Madamenoire Featured Video

Yani & Shani's Rainy Day

Yani & Shani’s Rainy Day

Media editors and best friends, Ayana Byrd and Shani Saxon-Parrish, team up to pen their first children’s book, Yani and Shani’s Rainy Day.

Yani and Shani are best friends who want to play in the backyard, but it’s raining outside. How can they have fun if they’re stuck in the house with nothing to do? That’s when the girls discover their special powers and go on a magical journey. One Yani plus one Shani equals a never bored two! Illustrated by Meegan Barnes, the vivid, lush water color paintings follow Yani and Shani along a magical journey as they battle their rainy day blues.

Yani and Shani are not only full of imagination, but they are hip, chic and loveable too. It’s a book your kids will absolutely love, but we also thought moms would love to hear about the process these two women went through to write the book and possibly be inspired to collaborate with your bestie on a project.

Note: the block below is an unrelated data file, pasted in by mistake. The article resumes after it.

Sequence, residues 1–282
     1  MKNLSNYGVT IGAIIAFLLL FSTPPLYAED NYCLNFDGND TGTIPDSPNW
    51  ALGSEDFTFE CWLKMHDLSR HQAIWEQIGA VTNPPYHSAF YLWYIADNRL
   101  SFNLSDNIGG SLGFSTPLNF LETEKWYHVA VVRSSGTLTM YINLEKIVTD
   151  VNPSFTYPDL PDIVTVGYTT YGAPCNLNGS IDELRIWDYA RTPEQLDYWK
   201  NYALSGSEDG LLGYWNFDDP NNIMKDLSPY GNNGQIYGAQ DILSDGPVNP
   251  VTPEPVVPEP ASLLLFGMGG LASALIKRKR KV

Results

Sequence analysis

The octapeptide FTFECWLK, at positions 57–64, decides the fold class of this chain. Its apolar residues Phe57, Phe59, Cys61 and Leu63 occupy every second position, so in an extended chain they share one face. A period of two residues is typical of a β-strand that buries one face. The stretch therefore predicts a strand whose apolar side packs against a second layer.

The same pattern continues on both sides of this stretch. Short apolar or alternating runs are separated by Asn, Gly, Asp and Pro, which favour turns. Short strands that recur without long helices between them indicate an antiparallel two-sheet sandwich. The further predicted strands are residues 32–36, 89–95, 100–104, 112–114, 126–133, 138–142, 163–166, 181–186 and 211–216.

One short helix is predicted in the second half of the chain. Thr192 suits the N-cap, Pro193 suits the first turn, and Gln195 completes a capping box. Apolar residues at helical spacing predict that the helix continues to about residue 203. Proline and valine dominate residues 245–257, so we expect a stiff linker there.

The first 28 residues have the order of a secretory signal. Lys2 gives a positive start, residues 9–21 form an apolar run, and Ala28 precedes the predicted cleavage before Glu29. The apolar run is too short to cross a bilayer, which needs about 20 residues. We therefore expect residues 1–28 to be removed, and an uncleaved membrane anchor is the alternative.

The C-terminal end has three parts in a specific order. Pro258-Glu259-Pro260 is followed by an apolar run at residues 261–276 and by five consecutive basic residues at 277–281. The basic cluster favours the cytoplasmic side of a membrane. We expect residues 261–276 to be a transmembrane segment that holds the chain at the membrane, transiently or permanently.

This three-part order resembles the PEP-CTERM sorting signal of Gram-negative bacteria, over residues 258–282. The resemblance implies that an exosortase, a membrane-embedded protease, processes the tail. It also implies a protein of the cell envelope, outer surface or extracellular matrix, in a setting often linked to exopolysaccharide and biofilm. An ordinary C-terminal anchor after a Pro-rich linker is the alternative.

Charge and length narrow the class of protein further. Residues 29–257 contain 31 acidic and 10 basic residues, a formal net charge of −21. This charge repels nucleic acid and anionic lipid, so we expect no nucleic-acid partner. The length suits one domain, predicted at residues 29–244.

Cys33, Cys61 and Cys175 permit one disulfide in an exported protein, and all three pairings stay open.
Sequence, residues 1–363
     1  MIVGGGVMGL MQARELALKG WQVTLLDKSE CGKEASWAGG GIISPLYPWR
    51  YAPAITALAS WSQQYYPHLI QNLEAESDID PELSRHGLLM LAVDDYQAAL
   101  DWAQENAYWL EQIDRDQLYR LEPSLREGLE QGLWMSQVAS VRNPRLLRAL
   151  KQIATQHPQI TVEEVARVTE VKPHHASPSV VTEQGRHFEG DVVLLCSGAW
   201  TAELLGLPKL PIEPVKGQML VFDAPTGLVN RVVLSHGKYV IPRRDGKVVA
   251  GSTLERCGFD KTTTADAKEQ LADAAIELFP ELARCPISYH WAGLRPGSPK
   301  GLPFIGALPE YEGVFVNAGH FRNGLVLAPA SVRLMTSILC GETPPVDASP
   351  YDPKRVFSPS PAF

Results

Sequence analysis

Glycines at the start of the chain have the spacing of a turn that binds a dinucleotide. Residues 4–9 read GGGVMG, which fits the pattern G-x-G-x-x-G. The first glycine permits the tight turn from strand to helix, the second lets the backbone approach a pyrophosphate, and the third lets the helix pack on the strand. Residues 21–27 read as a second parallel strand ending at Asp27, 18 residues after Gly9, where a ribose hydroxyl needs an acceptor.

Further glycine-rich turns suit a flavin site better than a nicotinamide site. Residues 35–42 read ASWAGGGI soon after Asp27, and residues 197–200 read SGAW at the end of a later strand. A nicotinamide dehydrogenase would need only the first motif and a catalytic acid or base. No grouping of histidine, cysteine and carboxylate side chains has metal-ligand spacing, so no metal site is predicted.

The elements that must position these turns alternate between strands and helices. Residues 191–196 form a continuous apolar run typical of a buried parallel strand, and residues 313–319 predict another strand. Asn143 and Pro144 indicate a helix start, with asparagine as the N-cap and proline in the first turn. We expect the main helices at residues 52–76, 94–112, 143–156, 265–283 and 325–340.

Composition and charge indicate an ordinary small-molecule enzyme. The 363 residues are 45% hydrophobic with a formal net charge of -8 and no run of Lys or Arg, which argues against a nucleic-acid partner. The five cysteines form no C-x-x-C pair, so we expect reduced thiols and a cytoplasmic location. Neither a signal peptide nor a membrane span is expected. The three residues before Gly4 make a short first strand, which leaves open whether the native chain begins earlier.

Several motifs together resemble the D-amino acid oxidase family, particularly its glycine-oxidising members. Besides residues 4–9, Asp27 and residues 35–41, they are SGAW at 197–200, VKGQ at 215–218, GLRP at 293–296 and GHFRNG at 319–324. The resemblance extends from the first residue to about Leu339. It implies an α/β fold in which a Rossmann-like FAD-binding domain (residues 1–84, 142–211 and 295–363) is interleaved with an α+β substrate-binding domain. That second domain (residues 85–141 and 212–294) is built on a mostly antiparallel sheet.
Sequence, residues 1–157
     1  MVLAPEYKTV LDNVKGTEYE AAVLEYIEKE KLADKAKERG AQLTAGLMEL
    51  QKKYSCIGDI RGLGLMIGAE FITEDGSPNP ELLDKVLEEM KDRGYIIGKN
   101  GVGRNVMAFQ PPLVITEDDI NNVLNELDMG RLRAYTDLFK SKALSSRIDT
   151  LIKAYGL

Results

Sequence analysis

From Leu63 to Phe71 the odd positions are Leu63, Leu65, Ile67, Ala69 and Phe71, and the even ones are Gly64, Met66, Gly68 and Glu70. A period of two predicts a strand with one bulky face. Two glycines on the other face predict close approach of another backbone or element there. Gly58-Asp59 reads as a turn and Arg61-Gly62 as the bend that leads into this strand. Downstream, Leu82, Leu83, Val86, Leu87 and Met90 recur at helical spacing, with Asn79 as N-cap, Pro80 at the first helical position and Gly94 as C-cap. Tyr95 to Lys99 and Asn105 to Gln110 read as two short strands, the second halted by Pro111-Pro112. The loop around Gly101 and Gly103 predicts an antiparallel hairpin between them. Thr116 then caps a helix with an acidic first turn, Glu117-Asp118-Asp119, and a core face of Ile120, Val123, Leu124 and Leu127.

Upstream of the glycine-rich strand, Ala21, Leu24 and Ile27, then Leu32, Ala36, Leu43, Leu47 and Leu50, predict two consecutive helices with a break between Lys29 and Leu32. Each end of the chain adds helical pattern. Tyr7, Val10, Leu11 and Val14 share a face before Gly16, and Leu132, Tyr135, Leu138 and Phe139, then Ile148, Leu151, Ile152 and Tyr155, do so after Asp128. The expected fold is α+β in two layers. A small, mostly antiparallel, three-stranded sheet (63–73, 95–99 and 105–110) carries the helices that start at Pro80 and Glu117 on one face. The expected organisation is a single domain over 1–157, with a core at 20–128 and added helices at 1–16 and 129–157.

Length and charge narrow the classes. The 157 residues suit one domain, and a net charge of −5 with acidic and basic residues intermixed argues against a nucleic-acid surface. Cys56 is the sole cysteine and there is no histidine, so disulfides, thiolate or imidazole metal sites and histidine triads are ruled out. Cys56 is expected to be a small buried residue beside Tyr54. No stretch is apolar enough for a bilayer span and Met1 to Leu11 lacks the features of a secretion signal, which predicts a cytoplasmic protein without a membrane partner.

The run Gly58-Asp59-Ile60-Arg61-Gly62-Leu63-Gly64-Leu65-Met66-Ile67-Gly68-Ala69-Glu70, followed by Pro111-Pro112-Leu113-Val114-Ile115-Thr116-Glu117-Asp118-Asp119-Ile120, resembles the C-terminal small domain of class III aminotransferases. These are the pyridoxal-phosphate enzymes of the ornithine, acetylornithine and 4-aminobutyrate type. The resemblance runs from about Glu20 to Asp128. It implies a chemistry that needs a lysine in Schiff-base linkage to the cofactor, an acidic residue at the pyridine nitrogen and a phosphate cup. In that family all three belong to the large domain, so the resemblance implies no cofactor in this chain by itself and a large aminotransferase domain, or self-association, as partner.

Read on as the real life Yani (short for Ayana) and Shani take us into the world of these little girls and more.

Mommynoire:  The book is named after the two of you, so obviously this was inspired by your lives, but what made you decide to do a book rather than any other project?